The below is taken from The Whisky Distilleries of the United Kingdom by Alfred Barnard first published in 1887.
Glen Spey Distillery, Rothes.
OUR next halting place was Glen Spey, the newest Distillery in the district. It is built just underneath the hill on which stand the ruins of the Castle of Rothes, the ancient seat of the noble family of Leslies, Earls of Rothes.
We commenced our tour of the Distillery, which stands at the opening to the glen, and close by the Rothes Burn. The buildings, erected in the form of a quadrangle, are of modern design and handsome appearance, and cover about two acres of ground. We first inspected the Malting, a large building on the left side of the square, which consists of two floors, each divided into three compartments, the top used for Barley Barns, with concreted Steep, and the bottom for Malting; at the end there is a large Kiln, floored with wire cloth, and heated by peat. Adjoining is the Malt Store, through which we passed to reach the Mill, a neat apartment, containing the malt rollers and grinding machinery.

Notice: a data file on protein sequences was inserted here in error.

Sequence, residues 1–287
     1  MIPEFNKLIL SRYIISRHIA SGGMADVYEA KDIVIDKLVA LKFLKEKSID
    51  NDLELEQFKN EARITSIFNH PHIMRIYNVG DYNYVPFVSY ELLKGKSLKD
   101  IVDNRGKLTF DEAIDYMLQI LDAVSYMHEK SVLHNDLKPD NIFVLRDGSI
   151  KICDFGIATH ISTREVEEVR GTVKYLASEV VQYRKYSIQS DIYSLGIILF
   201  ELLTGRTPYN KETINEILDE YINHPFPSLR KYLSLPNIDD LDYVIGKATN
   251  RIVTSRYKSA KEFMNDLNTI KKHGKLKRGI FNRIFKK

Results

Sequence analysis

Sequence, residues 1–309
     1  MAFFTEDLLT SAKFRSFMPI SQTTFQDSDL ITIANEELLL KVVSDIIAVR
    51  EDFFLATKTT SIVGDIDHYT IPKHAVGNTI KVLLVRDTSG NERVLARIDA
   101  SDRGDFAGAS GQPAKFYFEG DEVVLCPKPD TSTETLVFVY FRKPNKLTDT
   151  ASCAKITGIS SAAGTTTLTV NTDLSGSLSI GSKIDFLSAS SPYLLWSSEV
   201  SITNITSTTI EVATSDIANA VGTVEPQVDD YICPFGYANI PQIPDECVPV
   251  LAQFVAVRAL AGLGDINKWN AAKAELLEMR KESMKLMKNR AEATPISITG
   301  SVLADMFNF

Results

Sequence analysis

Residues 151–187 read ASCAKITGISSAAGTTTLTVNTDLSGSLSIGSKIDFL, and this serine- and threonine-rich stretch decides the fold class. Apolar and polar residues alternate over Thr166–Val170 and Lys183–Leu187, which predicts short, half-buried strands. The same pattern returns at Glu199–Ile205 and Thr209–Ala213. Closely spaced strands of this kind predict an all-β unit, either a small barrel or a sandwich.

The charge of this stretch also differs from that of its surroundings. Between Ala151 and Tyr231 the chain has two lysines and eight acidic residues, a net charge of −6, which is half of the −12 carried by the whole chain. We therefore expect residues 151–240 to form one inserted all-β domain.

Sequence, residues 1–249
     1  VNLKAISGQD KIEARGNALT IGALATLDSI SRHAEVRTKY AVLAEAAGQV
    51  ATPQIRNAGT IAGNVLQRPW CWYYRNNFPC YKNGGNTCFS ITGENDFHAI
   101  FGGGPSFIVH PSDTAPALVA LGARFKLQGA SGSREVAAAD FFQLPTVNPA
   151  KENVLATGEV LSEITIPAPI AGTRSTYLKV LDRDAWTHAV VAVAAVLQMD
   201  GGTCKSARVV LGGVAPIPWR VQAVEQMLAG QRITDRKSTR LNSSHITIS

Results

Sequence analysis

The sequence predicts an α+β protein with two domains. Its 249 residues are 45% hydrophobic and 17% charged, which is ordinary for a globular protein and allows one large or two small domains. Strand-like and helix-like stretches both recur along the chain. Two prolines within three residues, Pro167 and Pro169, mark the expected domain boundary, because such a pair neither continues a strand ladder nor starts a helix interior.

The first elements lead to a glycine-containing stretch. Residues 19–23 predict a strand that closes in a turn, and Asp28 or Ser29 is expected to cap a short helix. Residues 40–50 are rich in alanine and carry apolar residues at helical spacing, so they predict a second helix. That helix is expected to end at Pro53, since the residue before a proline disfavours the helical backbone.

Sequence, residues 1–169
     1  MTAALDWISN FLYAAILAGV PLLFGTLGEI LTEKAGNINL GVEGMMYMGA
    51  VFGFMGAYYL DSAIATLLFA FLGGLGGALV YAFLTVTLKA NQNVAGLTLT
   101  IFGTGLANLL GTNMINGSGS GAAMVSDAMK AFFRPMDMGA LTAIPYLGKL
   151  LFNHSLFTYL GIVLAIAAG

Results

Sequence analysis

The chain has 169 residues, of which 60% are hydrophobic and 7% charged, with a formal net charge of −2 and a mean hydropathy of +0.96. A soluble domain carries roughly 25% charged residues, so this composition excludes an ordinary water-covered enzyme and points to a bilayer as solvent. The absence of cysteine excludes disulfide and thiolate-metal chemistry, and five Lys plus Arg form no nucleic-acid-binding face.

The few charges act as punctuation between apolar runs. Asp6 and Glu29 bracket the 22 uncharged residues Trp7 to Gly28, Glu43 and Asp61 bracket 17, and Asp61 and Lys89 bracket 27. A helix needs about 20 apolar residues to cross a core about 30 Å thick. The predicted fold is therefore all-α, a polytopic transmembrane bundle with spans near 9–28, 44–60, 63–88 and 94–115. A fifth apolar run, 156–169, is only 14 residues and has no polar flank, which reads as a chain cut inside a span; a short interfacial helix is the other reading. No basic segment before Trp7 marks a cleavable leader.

We next crossed over to the Still House, at the top of the quadrangle, a splendid building, which combines, a Mash House, and contains a circular Mash-tun, with the revolving stirring gear, the Heating Coppers, and a Morton’s Refrigerator; also at the other end two old Pot Stills, with a capacity of 2,400 and 1,300 gallons respectively. In close proximity is the Tun Room, which contains six Washbacks, each holding 4,500 gallons. The Spirit Store and large Bonded Warehouses are distributed round the quadrangle.
The Whisky is Highland Malt, and the annual output is 60,000 gallons.